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Belarus adopts black diggers decree

Belarusians are now forbidden to buy, sell, give, exchange and put in pawn archaeological artifacts. Excavation with the use of metal detectors is now possible only with a special permission. This week the President signed a decree, which is designed to help preserve the cultural heritage lying literally under our feet and, of course, to deal with so-called "black diggers".

For the man in the street a "black digger" is anyone who takes up a metal detector and a shovel but for real hunters such term is akin to a personal insult.  

Black diggers are the lowest caste. They are called looters and plunderers of tombs. They don't stop before anything just to get the cherished item. They choose burial mounds and abandoned cemeteries as archaeological sites. Valuable things are taken from deceased owners.

This is the Mogilev region's hinterland. There is an ancient historical monument in the woods here. These mounds are a real necropolis. The earliest burials date back to the tenth century. But two years ago, black spades touched this land.

Igor Marzalyuk, doctor of historical sciences, member of the upper chamber of the National Assembly of the Republic of Belarus:
These are also fragments of a broken-down mound. The majority of the monuments has been destroyed. Only some remained. Another page of Belarusian history has been destroyed.

Igor Marzalyuk:
There were a lot of loopholes in the legislation. The decree of the President puts everything in its place.
There is tremendous damage to monuments! Moreover, archaeological artifacts that need to be in museums or collections in the country are also destroyed. As a result, the state suffers enormous damage.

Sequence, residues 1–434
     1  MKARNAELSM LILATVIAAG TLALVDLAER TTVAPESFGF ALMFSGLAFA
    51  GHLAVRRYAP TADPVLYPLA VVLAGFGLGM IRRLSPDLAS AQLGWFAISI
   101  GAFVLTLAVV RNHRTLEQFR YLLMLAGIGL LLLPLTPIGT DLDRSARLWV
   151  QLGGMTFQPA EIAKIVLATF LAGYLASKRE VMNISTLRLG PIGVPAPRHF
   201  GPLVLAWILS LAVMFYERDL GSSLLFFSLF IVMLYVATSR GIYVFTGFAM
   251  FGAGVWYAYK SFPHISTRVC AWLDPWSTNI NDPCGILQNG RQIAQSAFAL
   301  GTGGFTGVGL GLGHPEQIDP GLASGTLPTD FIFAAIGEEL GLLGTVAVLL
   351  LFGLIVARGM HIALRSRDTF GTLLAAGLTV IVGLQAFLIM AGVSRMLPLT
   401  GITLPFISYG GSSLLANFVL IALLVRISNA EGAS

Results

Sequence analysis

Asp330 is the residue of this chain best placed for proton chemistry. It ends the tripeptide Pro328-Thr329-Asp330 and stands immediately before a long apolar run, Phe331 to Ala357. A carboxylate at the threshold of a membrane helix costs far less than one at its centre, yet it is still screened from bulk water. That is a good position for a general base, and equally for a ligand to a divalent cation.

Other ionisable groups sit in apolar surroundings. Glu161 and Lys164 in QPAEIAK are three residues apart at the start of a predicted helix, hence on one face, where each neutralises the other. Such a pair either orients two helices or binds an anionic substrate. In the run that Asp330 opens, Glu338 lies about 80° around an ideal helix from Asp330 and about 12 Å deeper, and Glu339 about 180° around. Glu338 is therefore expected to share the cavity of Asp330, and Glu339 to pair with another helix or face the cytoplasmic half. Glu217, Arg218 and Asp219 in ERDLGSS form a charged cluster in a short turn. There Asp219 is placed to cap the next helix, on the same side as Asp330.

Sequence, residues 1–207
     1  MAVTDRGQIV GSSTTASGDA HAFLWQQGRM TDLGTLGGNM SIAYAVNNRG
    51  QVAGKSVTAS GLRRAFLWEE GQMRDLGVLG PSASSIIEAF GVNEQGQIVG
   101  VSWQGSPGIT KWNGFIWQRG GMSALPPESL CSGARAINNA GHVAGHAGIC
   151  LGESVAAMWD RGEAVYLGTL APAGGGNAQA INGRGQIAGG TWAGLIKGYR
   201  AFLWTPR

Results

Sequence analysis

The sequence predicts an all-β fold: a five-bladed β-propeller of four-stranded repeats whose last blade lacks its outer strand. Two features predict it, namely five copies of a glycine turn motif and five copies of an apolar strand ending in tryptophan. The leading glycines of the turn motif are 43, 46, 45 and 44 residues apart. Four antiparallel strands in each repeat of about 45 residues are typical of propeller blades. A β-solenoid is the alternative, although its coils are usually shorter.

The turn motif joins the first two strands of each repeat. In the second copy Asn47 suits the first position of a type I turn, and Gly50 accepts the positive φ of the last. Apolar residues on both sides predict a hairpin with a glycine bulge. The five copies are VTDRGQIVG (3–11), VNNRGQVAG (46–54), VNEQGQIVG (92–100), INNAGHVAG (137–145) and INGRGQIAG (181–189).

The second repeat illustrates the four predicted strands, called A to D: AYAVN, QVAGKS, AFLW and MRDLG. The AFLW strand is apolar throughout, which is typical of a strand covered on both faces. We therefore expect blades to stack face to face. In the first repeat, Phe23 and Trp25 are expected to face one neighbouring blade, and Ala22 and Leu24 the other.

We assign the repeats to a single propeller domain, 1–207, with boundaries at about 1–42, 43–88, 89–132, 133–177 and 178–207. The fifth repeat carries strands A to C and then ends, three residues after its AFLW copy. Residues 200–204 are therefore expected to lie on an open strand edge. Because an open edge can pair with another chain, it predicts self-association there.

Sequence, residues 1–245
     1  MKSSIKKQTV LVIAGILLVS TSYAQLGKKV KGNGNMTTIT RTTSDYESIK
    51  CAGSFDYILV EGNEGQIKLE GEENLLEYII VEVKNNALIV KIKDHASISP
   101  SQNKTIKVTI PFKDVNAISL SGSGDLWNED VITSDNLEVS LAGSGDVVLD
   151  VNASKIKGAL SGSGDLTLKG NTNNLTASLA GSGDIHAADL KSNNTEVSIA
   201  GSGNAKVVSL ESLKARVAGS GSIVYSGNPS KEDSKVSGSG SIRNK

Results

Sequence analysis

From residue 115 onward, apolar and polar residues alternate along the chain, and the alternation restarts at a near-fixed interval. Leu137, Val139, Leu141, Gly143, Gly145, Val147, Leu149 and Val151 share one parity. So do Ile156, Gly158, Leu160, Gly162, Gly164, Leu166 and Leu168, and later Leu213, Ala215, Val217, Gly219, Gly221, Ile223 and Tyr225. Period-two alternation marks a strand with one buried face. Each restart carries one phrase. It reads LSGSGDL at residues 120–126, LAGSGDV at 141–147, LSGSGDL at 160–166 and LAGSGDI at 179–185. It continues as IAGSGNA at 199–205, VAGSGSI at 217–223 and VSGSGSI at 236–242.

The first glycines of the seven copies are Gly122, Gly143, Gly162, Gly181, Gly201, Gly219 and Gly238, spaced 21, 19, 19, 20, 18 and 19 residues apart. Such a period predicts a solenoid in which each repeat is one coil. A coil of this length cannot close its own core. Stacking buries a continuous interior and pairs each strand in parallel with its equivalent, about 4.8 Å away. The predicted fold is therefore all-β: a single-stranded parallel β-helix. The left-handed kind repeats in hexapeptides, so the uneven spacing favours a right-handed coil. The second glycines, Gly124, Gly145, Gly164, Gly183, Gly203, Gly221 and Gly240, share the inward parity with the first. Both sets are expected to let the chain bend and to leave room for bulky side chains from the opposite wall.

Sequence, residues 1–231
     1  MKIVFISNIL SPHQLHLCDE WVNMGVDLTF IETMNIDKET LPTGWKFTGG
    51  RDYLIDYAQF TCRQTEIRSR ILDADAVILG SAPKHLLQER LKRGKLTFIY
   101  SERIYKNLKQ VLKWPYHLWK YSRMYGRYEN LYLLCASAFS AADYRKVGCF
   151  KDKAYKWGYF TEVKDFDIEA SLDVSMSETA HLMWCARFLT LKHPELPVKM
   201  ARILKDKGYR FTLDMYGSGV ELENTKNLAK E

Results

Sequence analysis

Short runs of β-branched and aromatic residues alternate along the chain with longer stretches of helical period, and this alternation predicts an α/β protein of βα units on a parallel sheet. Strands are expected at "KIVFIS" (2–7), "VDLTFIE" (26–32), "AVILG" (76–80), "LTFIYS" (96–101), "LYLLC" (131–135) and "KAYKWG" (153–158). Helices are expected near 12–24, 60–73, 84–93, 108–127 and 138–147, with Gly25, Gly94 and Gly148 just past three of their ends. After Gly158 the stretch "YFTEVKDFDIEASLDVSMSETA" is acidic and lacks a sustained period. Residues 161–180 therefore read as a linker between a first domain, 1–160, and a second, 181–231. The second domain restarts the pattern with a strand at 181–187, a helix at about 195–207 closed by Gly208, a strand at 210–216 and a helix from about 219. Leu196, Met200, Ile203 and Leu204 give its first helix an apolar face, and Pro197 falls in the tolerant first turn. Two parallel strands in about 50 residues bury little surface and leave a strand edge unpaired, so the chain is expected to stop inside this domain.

The Doctor of Historical Sciences is one of the main initiators and developers of the document, according to which Belarusians are now prohibited to buy, sell, give or share archaeological artifacts. The rule will not affect museums, scientific organizations, and those who are willing to register the collection. The decree gives time for it up to 1 January 2017. By the way, the procedure will be free.

Igor Marzalyuk:
All those who have nothing to fear will have an opportunity to legalize these things. If they try to sell these things on their own, or to move them from the Republic of Belarus, then they will face the same responsibility as with the case of other antiques.

To use a metal detector requires vocational training and an archaeologist's permission.

Igor spinning, searcher:
I do not think that I bring harm coming out in the field with a metal detector, finding a couple of coins which clearly will not be of interest to our archaeologists.

Igor Marzalyuk:
Tell me, please, and what are the fields they go to? Is it their property? There is an owner. In any case, if you do not talk about archeology, they are engaged in illegal excavation works (you know that they do not agree this with the chairman of the collective farm). And secondly, they are not entitled to it because it is an object of archaeological heritage. When such settlements are found by archaeologists, they register them and put guard there.
Therefore, it does not look like a harmless game or a hobby. Because they really disrupt the structure of the cultural layer.

Igor Marzalyuk, doctor of historical sciences, member of the upper chamber of the National Assembly of the Republic of Belarus